Stan Goldberg, revered artist for Archie Comics and Marvel Comics, passed away September 1, 2014, due to complications from a stroke he had suffered two weeks ago.
Goldberg’s career began in the 1940s with Timely Comics, then Atlas Comics, both of which were the predecessors to Marvel. He would work for Marvel, right alongside greats such as Jack Kirby and Steve Ditko, until 1969. At Marvel, he designed the color schemes for both Spider-Man and the Fantastic Four.
After a very brief stint at DC, Goldberg moved on to Archie Comics, where he would spend the next 40 years drawing the adventures of Archie, Veronica, Betty, Jughead, and the rest of the gang, in both comics and newspaper strips. His most widely recognized work is the cover of Archie Meets the Punisher, an Archie/Marvel crossover from 1994 that did very well in sales.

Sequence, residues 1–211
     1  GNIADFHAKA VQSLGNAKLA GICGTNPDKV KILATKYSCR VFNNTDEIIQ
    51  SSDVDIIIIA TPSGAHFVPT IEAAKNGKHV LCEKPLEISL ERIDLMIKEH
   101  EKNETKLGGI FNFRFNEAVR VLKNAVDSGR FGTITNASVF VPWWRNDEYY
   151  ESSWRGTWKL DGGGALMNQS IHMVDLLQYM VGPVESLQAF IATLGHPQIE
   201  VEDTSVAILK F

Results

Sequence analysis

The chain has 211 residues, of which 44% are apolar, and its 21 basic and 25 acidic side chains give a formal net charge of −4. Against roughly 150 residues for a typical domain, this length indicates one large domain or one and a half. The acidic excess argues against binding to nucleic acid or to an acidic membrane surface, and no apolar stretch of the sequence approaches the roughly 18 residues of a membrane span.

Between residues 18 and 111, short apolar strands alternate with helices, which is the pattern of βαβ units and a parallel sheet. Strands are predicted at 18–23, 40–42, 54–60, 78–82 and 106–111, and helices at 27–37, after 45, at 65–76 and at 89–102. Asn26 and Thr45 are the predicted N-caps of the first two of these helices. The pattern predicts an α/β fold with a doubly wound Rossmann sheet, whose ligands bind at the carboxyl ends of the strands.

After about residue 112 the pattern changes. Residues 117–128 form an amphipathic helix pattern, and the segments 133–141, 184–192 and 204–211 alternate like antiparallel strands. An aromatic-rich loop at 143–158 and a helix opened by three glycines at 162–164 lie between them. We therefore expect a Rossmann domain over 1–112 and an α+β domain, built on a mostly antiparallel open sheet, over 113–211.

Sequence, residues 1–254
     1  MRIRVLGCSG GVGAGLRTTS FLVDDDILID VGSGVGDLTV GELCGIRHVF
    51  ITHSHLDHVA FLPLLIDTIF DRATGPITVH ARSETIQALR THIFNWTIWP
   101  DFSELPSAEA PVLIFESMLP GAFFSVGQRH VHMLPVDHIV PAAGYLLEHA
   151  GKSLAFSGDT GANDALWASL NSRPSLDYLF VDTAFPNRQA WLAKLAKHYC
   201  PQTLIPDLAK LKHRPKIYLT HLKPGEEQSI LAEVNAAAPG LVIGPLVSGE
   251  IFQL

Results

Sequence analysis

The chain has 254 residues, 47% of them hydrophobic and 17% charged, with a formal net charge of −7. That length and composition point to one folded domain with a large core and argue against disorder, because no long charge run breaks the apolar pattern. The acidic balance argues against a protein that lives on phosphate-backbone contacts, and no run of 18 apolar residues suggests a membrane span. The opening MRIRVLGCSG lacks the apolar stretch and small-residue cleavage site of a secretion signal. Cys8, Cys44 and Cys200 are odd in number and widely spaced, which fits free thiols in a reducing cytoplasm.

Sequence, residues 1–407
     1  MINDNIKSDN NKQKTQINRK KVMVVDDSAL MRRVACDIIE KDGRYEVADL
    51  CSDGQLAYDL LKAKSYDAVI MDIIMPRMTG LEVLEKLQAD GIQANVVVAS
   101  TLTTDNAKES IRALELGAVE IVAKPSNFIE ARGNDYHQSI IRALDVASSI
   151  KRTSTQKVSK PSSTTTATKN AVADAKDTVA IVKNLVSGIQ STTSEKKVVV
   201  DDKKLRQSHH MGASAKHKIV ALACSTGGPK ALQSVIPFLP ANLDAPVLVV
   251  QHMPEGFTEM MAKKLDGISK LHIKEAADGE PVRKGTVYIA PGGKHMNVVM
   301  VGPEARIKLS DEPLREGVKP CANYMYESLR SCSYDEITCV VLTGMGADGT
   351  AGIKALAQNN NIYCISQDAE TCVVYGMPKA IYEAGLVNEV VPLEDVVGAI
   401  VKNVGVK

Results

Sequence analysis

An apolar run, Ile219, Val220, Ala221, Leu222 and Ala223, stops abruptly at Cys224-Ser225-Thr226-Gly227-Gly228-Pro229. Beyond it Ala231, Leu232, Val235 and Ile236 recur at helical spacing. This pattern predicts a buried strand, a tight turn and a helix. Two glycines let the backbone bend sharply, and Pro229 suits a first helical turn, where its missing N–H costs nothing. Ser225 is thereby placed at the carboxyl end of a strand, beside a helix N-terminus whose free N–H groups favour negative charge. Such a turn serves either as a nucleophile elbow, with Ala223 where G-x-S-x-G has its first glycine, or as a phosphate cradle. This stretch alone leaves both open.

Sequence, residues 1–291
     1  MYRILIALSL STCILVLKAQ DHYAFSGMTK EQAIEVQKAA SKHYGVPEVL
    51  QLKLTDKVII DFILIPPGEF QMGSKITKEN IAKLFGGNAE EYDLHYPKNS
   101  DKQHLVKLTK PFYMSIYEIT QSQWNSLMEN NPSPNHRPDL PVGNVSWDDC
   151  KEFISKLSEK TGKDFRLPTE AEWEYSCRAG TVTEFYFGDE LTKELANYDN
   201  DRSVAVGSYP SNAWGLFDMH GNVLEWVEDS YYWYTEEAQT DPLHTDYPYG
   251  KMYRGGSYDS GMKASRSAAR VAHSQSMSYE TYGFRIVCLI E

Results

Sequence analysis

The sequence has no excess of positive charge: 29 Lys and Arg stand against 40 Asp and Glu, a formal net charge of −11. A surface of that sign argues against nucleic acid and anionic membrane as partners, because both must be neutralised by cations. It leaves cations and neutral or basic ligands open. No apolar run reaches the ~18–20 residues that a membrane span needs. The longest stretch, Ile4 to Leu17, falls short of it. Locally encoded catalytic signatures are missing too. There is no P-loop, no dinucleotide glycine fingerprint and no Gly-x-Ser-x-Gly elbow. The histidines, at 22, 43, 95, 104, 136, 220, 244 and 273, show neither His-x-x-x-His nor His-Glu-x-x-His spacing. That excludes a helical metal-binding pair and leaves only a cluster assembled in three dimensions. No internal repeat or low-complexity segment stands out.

Abruptly and without explanation, Goldberg left Archie Comics in 2010, and did freelance work for both Marvel and DC. In the early 1980s, Goldberg worked on DC’s Captain Carrot and the Amazing Zoo Crew, and in the last few years he had done work on Marvel’s FF #1 from 2011, and in Bongo Comics, publisher of The Simpsons comics, where he drew an Archie-parody in an issue of Bart Simpson.
In 1994, Goldberg won the Inkpot Award from San Diego Comic-Con, and, more recently in 2012, the National Cartoonists Society presented him with their prestigious Gold Key Award. Marvel will be posthumously publishing his Archie-styled Spider-Man short story called, That Parker Boy, written by Tom DeFalco in Marvel’s 75th Anniversary Special, due to be released October 2014.
“Stan was a cartoonist … and a more devoted one, you could never find,” said Mark Evanier, comics historian. “He was also a charming man who was always willing to talk about his days as Marvel’s star colorist or the many decades he spent drawing Archie and other comics in much the same style. The number of pages he produced in his lifetime was staggering.”
Stan Goldberg was 82.
We at SCIFI.radio join the comics community in mourning at the loss of a great man who gave a great contribution to the comics industry.